A new study, carried out by the group of Daniele Catalucci from the CNR-IRGB (Milan, Italy), one of the key partners of the EU-funded project CUPIDO, demonstrated that nanoparticle-encapsulated pharmacologically active peptides can be efficiently delivered to the heart via inhalation. These results, published in the journal “Science Translational Medicine”, represent the first proof-of-concept for an unconventional and pioneering approach exploiting inhalable nanoparticle properties to improve diseased cardiac conditions.
As Michele Miragoli, first author of the paper explains: “Nanomedicine, meaning the application of nanotechnology to the health sector, represents a promising approach for near future health care. Indeed, several nanopharmaceuticals have been approved by the FDA since the late 90s’ leading to remarkable advantages especially in the cancer field. Curiously, only very few attempts have been made to apply nanomedicine to cardiovascular disease area in spite it represents the leading cause of death worldwide. “
Among the treatments for cardiovascular disease, there is an increasing interest in peptide-based therapy due to their high selectivity. However, in many cases low half-life due to degradation and mandatory intra-venous injections are limiting their use and efficacy. Additionally, this type of administration is often associated with patient discomfort and low-compliance, making it problematic for chronic treatment.
The idea for an unconventional administration route to target the heart came from recent discoveries about atmospheric pollution: “It is now well-known that combustion-derived nanoparticles in the atmosphere can reach the heart. If toxic nanoparticles can translocate from the lungs to the heart, why do not exploit the same route to deliver therapeutic ones instead?” explains Daniele Catalucci, the corresponding author and project coordinator of CUPIDO.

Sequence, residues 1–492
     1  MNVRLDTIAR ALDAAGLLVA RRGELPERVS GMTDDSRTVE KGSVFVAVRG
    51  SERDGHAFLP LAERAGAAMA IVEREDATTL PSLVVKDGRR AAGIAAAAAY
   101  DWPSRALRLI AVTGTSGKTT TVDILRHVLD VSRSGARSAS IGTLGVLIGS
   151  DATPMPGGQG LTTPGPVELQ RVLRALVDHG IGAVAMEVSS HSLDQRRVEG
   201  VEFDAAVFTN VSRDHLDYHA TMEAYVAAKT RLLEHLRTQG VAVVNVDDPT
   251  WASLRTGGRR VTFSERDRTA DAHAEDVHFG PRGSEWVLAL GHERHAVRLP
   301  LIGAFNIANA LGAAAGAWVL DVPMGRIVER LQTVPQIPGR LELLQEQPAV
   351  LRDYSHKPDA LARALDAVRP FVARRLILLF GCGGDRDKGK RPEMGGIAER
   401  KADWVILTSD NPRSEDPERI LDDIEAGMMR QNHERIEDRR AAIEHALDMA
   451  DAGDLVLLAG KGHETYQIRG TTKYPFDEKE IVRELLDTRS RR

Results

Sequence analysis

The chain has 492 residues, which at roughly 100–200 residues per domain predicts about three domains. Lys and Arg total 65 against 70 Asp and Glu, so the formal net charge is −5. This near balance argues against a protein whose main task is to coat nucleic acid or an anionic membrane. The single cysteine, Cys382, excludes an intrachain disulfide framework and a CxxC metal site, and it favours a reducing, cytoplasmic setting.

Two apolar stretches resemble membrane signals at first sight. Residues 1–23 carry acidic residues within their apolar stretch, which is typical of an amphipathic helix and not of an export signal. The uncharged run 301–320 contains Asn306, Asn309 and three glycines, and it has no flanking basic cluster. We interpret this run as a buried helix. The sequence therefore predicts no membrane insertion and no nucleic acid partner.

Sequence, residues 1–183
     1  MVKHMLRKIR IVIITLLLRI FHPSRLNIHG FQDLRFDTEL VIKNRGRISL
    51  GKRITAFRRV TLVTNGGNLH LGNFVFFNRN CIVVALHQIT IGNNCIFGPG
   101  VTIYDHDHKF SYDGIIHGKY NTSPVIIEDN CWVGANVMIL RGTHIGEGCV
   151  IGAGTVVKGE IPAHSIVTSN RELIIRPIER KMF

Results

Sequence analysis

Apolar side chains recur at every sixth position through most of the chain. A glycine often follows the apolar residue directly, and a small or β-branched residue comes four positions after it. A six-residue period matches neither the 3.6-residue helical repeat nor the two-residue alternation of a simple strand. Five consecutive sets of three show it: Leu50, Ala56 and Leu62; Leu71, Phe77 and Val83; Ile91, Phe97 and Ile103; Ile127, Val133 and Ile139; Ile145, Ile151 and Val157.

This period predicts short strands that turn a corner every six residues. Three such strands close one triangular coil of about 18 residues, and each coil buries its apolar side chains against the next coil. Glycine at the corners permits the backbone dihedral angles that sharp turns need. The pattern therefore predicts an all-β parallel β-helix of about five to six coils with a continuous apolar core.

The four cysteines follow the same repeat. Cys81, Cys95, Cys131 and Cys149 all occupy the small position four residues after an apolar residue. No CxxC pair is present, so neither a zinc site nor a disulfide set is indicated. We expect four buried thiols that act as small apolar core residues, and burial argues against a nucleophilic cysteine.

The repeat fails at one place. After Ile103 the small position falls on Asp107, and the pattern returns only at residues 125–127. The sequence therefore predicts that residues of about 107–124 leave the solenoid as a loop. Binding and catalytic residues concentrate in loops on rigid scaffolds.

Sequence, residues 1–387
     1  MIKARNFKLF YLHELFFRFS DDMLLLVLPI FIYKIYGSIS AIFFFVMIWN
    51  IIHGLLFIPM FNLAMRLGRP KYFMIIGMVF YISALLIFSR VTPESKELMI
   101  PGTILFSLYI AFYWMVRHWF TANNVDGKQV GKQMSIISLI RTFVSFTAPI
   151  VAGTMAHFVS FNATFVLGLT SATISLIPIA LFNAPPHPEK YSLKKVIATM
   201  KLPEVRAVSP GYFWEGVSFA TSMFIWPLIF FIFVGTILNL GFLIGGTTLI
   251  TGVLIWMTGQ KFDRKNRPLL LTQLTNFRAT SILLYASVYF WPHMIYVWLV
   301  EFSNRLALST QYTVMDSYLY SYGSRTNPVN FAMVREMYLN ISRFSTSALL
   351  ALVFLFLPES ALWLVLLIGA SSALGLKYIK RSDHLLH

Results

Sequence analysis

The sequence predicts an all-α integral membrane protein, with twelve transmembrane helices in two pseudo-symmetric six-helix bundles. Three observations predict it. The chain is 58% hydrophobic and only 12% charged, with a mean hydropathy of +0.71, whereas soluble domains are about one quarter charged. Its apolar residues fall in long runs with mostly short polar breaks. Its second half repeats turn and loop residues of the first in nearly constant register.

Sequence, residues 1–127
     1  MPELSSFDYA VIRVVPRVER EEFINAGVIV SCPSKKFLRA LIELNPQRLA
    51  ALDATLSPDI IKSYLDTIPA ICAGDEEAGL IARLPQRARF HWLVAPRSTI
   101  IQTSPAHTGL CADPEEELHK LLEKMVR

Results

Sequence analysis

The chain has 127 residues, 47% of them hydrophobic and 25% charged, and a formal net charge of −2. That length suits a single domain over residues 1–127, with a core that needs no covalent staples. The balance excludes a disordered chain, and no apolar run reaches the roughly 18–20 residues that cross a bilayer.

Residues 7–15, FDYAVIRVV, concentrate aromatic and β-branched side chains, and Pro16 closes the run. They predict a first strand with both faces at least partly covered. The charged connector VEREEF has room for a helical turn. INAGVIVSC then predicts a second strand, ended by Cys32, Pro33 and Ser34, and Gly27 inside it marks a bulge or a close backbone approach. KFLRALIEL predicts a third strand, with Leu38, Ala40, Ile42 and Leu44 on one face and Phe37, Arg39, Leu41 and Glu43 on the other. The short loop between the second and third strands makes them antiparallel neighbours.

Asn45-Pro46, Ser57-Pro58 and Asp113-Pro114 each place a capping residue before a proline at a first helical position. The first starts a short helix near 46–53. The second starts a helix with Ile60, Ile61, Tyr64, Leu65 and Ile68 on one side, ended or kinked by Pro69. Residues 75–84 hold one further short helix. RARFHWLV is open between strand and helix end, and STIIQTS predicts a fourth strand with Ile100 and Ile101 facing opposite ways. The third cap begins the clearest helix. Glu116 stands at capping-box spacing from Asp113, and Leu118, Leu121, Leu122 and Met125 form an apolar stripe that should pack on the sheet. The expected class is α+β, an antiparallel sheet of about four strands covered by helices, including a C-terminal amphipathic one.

The innovative approach federating CUPIDO project and supported by the EU-funding, is based on previous works from the same team, showing that small biocompatible and biodegradable calcium phosphate nanoparticles can be incorporated by the cardiac cells and can release locally the carried drugs.
In this new study, the team makes a significant step beyond by demonstrating the high capacity of these nanoparticles to readily translocate from the pulmonary tree to the heart where the peptide cargo is finally released. Consequently, the diseased animal models treated by inhalation with the nanoparticle-encapsulated peptide displayed an improved myocardial contraction and restored cardiac function.
The authors acknowledge that the mechanisms driving nanoparticles interactions with pulmonary barrier are still unknown and need further investigations, especially on the local tolerance of this new delivery approach.
These encouraging results open new avenues to optimize nanomaterials, combined with peptides, for inhalation as a more efficient and patient-friendly way to address cardiovascular diseases.